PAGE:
A team from IRDA and CRIUCPQ has been working on developing an air treatment unit to reduce pig farm emissions. The objective of the project was to improve the existing experimental design to produce a commercial unit that is cheap to install and operate.
The first phase of the project was aimed at adapting the design of the air treatment unit (ATU) developed by IRDA to produce a commercial unit to be installed at a pig farm. Based on the new concept, we evaluated the efficiency with which the ATU captures standardized dust particles, artificially suspended virus models, and aerosols naturally generated on pig farms. The long-term performance of the ATU on a commercial scale was then evaluated. The last phase of the project was a cost-benefit analysis of this technology.
From 2016 to 2018
Air quality, Coexisting in an agricultural environment
This technology developed by IRDA minimizes the spread of infectious diseases and reduces odours generated by swine production.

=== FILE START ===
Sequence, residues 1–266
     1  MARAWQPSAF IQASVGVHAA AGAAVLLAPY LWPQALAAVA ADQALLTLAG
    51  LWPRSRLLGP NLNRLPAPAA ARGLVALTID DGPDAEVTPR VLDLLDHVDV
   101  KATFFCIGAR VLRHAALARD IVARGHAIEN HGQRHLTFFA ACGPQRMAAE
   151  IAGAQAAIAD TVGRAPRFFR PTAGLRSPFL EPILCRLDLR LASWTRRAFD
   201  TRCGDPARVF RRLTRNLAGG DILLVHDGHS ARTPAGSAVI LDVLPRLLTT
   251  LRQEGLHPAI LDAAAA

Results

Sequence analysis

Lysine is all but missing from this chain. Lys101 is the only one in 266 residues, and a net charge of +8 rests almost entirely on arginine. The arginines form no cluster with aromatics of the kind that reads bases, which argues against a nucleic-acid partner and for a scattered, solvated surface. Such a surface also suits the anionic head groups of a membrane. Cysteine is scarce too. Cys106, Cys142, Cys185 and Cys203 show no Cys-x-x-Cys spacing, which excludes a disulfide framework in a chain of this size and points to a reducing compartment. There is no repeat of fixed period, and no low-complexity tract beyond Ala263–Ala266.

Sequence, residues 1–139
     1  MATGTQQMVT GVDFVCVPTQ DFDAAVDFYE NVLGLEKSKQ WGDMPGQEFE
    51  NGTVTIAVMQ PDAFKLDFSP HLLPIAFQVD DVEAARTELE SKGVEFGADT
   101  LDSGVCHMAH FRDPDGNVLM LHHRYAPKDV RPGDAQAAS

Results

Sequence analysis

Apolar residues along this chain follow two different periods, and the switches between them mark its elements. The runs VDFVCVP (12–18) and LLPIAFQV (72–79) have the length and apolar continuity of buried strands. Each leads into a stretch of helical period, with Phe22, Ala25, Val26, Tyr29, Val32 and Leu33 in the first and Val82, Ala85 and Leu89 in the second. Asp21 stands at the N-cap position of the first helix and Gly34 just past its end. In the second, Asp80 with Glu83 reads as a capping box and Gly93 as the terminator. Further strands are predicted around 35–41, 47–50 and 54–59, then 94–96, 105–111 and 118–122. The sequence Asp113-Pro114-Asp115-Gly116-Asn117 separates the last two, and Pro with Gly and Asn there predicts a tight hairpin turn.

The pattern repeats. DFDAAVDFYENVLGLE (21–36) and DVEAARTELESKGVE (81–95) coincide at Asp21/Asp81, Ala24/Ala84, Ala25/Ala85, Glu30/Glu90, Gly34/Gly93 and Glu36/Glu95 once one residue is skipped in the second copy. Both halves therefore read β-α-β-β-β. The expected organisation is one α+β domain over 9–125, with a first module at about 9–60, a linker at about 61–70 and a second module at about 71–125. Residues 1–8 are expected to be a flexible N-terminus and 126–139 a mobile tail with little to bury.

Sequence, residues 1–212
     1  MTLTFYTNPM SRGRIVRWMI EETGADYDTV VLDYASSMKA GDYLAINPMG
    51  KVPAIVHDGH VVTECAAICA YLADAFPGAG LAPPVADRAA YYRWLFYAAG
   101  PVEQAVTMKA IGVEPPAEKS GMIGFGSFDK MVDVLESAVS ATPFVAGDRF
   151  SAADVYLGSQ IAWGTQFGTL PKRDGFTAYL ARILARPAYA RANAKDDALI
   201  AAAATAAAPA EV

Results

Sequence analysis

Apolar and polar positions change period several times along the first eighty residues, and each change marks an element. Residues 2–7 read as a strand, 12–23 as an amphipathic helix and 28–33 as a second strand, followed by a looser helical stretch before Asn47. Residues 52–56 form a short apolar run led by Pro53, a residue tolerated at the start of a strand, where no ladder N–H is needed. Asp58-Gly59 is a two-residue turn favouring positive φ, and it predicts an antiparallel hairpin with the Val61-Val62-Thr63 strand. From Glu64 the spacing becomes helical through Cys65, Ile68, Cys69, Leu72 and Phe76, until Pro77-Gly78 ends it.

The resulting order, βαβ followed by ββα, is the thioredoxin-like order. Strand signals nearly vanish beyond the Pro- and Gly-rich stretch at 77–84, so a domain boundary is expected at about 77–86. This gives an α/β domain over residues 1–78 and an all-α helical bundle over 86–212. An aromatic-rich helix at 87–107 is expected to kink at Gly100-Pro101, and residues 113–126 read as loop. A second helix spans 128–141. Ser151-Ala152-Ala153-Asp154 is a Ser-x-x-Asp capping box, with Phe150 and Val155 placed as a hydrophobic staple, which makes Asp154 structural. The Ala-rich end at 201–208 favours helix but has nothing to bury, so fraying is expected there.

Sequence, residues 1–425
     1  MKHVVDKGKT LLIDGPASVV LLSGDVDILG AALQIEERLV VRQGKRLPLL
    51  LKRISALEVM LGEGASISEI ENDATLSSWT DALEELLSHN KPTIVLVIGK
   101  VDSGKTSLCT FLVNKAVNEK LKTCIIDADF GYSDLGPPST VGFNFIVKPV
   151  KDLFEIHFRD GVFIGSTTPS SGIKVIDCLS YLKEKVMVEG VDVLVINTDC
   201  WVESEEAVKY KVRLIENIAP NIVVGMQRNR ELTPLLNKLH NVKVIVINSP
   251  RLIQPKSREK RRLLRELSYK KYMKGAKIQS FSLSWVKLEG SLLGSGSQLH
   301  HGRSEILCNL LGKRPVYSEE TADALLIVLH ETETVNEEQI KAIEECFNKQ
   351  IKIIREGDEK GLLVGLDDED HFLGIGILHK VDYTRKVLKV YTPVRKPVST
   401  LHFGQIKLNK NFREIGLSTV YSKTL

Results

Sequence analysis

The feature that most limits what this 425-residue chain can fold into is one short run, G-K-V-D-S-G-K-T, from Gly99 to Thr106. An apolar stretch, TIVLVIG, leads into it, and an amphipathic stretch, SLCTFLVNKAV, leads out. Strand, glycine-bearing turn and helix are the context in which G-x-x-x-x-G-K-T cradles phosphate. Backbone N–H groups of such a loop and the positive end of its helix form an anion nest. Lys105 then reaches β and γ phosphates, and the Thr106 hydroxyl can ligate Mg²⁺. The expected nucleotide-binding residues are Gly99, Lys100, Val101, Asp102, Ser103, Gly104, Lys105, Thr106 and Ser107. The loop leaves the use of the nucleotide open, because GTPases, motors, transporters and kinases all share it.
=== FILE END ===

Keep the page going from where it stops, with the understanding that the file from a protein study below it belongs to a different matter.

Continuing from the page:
Les éleveurs de porcs du Québec | Centre de recherche de l’Institut universitaire de cardiologie et de pneumologie du Québec | Agriculture and Agri-Food Canada
Stored pig manure is a major source of greenhouse gases. The main objective of this project was to demonstrate the long-term performance of a biofilter.
Researcher: Matthieu Girard
This project aimed to evaluate the purification capacity of different configurations of swales planted with shrubs or perennial grasses to serve as vegetative filter strips.
Researcher: Marc-Olivier Gasser
The objective of the project was to demonstrate that next generation hog barn design (slatted floors over 2/3 or more of the area) generate less odor.